Friday, July 6, 2018

Books and flowers

I don't recall where I ran across this photo. On Instagram, I think, but I can't find it again now. I love the delicate shades of pink, the freshness of the white cabinet, the farmhouse sink and subway tiles, the books lined up above. Books and flowers, what could be better? I'm holding on to this gentle vision of our world today, as the 45th president constitutes his denaturalization task force to strip citizens "who should never have been naturalized" of their rights. I wonder who they'll find most undeserving and come for first? Rhetorical question. But aren't those flowers pretty?

Thursday, July 5, 2018

Down draft

That's my cousin (who is really my sister) and me at a Simon & Garfunkel concert in Central Park in the eighties. If I recall, I'd recently graduated with my masters in journalism and had just begun working as a reporter at LIFE magazine. My cousin, four years younger, was still in college. Today she's a government lawyer representing students with special needs, while I sit here, alone in my house, wrestling with getting down a new opening chapter for the book I'm writing for a woman with her fist perpetually in the air, a woman we need more than ever right now. I'm having a crisis of confidence. I don't know if what I'm writing is any good. I just can't tell.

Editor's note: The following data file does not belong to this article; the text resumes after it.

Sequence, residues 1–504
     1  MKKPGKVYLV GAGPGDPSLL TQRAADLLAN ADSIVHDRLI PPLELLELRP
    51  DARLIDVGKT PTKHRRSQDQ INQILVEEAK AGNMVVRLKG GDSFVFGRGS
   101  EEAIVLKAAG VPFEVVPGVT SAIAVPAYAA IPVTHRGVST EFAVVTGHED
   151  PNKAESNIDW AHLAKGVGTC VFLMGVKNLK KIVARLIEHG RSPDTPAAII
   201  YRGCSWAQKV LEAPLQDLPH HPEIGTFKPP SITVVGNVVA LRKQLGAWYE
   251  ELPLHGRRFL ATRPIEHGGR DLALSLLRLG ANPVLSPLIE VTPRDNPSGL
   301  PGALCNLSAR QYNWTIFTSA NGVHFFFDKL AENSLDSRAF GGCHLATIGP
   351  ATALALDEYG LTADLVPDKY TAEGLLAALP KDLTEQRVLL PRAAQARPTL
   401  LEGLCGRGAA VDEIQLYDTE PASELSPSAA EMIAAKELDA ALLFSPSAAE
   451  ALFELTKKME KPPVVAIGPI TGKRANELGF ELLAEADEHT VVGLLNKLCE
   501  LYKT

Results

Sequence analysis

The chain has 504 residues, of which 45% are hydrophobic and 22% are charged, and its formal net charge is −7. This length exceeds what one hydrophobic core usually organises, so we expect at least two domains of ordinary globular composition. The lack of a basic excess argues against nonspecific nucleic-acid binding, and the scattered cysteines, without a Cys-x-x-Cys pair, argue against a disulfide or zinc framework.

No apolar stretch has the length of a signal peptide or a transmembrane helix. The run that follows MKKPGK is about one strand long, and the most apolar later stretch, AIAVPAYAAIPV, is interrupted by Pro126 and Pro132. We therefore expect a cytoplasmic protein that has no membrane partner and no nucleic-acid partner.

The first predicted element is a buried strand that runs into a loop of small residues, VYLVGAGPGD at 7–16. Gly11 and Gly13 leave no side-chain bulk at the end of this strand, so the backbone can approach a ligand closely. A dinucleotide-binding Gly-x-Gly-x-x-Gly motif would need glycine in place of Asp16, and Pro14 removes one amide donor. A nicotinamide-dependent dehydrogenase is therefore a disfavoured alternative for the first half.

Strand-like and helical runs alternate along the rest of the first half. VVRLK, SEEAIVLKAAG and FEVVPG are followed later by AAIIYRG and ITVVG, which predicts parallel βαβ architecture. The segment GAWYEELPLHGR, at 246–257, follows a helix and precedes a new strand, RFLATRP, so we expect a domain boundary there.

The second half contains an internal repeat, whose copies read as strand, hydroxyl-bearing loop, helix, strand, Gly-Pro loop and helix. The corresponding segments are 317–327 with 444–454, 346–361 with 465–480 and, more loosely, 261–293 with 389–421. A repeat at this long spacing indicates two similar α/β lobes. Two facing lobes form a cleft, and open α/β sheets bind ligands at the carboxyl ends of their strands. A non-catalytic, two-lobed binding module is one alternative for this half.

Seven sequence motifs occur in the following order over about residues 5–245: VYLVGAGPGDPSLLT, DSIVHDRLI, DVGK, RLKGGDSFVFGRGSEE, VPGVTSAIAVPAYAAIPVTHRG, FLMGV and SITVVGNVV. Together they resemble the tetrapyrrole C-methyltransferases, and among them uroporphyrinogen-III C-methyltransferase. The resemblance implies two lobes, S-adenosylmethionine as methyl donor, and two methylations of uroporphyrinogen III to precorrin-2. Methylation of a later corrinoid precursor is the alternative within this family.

Today, I'm falling back on advice from Anne Lamott's writing manifesto Bird by Bird, in which she offers guidance like this:

"Almost all good writing begins with terrible first efforts. You need to start somewhere. Start by getting something—anything—down on paper. A friend of mine says that the first draft is the down draft—you just get it down. The second draft is the up draft—you fix it up. You try to say what you have to say more accurately. And the third draft is the dental draft, where you check every tooth, to see if it's loose or cramped or decayed, or even, God help us, healthy."

Our July Fourth was quiet this year. We entertained my 94-year-old aunt and her daughter, not blood relatives, but still family. Our kids had lively engagements all over the map, but we just took it slow. My aunt was my mother's best friend, one of them, and she reflected that all her contemporaries are gone now. She is in marvelous shape, mind crystal clear, walks every day, looks wonderful. She walks more strongly than I do if you want to know the truth. And my husband thinks she's one of the most elegant women he's ever seen. She won the genetic jackpot, but she's lonely. I'm glad we spent the day with her and into the evening, watching fireworks together on TV. She calls me her other daughter.